Close to where I lived was Portman Square which hosted The Courtauld Collection [of textile fame] another free facility. Maybe I had to show my university pass but I don’t remember. Often I would come along here and immerse myself in their intimate world of art. A few rooms depicting some of the world’s masterpieces. Medieval religious works, Rubens, Gainsborough, Degas, Pissaro, Monet, Manet, Cézanne, Gauguin, Renoir, Toulouse-Lautrec, Seurat, Van Gogh, Matisse, Dufy, Sickert, Mûnter. What a list. Those images have stayed in my brain all these years so it was time to refresh them. The Courtauld is now housed in the imposing Somerset House and has become a major attraction, attracting a considerable entrance fee. But all those mental pictures are still here although they have been diluted by more recent, equally brilliant, acquisitions. The atmosphere is not as personal but the rooms hosting the galleries are elegant in themselves, giving that quintessential English experience. A magnificent spiral staircase connects them, I used the lift.

The pictures below are only some of the ones I remembered, as you will see this is an amazing collection.  Thank you Mr. Courtauld. How many do you recognise?

 

CAMPIN. 1425

 

VAN DER WEYDEN. 1430

CRANACH THE ELDER.  1526

RUBENS. 1613

GAINSBOROUGH. 1778

MANET. 1863

DEGAS. 1871

MONET. 1873

RENOIR. 1874

MANET. 1881

SEURAT. 1886

VAN GOGH. 1889

CEZANNE. 1892

TOULOUSE-LAUTREC. 1892

GAUGUIN, 1897

MATISSE. 1905

DUFY. 1907

SICKERT. 1909

MUNTER. 1909

Outside in the square ice skaters were enjoying an early Xmas. Waterloo Bridge gave a view of the city with all the new high rise buildings and St. Paul’s tucked away. the bustle of Waterloo station brought me back to reality.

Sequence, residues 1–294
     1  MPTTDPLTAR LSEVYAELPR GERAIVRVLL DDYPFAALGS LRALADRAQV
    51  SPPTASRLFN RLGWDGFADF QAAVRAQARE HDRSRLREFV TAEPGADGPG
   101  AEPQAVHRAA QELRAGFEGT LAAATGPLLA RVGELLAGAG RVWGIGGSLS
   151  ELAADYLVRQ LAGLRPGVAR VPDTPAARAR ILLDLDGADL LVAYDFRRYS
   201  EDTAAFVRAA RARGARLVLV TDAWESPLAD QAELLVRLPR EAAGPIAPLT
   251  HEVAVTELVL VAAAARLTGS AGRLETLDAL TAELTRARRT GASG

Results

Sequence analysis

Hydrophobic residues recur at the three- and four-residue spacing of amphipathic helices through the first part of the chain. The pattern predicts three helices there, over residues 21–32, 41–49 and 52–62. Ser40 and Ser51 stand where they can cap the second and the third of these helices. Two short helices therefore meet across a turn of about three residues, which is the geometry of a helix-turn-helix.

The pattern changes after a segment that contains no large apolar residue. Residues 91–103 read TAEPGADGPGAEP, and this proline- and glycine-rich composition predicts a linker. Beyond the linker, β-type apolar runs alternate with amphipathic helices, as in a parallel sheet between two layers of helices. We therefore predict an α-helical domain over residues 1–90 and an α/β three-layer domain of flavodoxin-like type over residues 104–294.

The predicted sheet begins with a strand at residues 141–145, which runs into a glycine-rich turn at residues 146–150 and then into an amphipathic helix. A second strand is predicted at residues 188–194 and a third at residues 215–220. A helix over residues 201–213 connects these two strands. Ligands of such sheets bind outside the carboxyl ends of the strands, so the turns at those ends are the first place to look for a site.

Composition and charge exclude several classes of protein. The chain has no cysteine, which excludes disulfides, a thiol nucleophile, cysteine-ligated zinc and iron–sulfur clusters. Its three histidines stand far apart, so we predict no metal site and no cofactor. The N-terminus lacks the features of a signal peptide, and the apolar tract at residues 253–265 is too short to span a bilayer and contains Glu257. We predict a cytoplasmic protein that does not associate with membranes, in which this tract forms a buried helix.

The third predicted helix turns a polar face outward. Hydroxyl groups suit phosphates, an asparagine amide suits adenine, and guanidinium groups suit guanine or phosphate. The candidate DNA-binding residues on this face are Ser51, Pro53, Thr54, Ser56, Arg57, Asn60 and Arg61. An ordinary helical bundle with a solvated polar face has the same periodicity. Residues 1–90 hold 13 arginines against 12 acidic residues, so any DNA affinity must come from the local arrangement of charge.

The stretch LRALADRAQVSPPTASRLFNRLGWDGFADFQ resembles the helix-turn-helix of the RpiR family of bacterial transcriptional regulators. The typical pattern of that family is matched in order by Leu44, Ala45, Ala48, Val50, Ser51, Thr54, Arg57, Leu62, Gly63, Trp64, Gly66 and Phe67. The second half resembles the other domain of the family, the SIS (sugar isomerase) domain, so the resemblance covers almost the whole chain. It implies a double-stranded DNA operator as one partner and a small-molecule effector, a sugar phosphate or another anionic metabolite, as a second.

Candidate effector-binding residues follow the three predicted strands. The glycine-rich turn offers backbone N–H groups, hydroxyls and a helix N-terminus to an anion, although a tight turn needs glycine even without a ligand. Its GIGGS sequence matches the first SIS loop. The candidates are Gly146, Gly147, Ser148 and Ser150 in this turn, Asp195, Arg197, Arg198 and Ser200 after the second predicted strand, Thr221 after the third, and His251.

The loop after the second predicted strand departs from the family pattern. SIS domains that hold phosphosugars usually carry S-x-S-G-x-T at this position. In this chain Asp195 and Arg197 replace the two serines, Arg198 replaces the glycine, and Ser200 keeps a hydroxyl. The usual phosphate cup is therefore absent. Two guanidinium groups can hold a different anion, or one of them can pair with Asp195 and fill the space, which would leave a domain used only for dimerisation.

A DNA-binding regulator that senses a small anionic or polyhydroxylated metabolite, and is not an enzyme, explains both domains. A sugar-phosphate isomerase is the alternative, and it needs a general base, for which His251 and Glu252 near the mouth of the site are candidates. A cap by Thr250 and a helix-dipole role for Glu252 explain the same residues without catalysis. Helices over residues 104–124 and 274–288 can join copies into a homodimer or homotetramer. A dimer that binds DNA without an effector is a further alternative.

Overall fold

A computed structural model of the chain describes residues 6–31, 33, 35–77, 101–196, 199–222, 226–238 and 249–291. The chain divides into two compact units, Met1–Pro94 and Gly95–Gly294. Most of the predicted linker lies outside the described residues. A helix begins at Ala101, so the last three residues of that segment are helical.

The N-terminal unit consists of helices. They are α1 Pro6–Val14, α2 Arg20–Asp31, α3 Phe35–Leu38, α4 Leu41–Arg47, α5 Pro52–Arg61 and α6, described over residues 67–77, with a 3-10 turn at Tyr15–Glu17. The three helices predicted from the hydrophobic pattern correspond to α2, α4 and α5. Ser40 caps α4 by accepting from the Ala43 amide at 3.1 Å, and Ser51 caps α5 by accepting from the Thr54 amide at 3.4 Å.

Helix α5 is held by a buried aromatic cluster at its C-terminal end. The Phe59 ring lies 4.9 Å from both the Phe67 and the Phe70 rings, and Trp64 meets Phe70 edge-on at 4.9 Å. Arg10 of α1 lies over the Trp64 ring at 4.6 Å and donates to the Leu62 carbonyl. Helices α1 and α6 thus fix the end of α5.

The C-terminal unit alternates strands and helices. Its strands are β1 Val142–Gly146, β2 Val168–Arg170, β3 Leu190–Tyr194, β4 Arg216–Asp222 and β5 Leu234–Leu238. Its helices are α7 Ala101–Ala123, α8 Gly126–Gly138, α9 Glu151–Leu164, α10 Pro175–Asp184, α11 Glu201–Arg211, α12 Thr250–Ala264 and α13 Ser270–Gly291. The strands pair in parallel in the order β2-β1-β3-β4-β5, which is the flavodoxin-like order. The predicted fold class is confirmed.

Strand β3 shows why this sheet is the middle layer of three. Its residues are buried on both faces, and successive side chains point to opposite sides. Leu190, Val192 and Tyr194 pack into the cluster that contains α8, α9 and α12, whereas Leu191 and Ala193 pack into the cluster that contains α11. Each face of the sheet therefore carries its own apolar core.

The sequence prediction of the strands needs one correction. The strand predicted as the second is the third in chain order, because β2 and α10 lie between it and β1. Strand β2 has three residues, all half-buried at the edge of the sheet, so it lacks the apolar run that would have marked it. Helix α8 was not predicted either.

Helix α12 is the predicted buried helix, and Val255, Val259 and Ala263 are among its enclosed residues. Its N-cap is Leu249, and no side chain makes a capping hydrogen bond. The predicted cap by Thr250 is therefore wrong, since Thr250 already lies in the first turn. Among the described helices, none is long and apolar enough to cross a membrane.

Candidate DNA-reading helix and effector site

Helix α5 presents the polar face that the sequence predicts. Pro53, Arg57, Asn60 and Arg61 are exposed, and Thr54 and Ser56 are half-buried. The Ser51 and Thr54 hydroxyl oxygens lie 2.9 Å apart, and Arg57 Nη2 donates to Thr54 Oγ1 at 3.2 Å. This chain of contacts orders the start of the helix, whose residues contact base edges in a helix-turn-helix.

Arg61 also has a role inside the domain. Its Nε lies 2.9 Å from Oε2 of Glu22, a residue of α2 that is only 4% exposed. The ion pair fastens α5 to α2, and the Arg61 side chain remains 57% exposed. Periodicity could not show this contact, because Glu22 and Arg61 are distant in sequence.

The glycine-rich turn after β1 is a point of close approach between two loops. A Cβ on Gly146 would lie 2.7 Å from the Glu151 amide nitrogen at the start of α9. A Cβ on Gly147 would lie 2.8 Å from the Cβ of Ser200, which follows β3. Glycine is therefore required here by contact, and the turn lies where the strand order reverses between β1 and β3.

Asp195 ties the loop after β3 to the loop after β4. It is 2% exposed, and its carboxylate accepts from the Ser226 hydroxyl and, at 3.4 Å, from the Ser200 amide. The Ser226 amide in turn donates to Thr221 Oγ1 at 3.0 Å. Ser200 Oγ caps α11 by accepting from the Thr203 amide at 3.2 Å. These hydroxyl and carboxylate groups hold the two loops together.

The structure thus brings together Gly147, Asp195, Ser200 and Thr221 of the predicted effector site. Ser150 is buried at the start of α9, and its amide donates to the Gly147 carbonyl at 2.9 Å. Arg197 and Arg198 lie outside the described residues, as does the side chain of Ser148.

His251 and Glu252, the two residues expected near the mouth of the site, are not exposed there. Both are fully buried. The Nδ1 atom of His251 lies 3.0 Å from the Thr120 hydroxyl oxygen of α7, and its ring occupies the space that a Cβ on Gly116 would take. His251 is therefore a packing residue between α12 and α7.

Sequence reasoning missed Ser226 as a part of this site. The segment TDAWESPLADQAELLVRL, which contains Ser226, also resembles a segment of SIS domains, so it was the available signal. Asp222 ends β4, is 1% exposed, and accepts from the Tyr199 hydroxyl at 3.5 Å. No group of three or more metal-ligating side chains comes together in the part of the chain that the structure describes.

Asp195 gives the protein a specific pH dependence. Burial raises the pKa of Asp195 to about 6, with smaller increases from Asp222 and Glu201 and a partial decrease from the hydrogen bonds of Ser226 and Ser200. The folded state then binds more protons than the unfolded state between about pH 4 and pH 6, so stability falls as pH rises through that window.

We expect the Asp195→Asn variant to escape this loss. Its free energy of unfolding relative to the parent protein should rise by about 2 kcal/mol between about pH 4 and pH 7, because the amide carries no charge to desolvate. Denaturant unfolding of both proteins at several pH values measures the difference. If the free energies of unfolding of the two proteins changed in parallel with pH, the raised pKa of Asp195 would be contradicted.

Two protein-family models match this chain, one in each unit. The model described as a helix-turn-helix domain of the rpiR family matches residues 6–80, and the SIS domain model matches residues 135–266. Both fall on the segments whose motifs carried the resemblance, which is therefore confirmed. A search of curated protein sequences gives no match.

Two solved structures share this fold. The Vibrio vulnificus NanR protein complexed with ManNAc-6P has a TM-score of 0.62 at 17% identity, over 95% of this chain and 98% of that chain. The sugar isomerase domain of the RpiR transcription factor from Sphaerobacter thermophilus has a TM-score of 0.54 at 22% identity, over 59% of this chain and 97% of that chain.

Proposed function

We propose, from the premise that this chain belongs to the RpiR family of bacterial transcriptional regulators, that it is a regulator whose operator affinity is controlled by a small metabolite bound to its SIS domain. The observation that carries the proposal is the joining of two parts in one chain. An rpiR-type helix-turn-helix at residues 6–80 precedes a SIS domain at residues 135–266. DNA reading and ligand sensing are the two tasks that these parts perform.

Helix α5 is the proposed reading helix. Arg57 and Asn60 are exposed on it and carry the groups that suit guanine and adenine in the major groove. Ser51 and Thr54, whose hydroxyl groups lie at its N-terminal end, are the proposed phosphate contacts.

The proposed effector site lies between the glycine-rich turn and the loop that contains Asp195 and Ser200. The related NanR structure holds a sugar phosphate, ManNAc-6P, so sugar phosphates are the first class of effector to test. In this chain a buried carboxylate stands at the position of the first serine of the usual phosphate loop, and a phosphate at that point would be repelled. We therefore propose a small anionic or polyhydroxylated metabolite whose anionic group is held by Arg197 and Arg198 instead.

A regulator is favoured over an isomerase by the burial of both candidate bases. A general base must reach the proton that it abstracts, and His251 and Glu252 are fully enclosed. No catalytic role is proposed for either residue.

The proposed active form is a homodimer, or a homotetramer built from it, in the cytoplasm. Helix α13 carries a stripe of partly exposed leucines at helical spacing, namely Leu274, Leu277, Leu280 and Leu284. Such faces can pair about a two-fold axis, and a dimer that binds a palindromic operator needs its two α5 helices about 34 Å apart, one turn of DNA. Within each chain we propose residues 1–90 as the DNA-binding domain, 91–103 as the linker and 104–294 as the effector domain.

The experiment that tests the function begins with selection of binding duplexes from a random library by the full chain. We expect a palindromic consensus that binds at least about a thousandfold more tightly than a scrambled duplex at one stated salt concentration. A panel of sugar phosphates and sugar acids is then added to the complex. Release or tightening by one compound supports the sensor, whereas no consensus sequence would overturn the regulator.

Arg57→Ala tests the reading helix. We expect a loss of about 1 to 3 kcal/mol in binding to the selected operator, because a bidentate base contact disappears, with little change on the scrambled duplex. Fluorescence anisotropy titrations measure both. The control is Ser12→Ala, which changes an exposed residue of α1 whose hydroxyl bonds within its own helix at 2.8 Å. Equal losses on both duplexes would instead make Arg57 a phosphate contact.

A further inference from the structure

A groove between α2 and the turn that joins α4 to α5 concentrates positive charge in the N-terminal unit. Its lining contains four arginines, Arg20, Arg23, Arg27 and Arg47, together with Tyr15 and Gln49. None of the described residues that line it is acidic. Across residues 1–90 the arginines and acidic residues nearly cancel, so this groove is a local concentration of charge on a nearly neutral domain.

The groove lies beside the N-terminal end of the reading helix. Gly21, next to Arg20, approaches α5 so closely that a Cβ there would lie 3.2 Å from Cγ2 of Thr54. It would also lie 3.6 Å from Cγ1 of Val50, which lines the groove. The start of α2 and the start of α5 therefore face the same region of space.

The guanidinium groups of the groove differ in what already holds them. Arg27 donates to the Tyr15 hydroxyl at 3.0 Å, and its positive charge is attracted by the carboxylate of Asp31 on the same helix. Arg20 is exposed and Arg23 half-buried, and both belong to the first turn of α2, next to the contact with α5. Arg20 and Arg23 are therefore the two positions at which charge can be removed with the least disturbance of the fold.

Whilst visiting Mel and Pat in Surrey we also crammed in Wisley Gardens, Mercedes Benz test track and showcase building, an exhibition of Turner’s art of the Thames Valley at Woking Lightbox, Asian street food, Polesden Lacy house and gardens, beer and curry at the opening of a new restaurant and a French Bistro. The weather was beautiful, blue skies and sunshine. The colours Autumnal.                                                                                    ***

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On the way back to Euston I visited The Agra in Whitfield Street to prolong the nostalgia. This family-owned restaurant was established in 1954 and was reputedly the first establishment in Britain to install a tandoori oven. As students we would visit for the Tandoori Chicken and Naan Bread. The decoration and toilets have changed little over the years. The food however remains good quality ‘curry  house’  Perfect before boarding the Pendolino.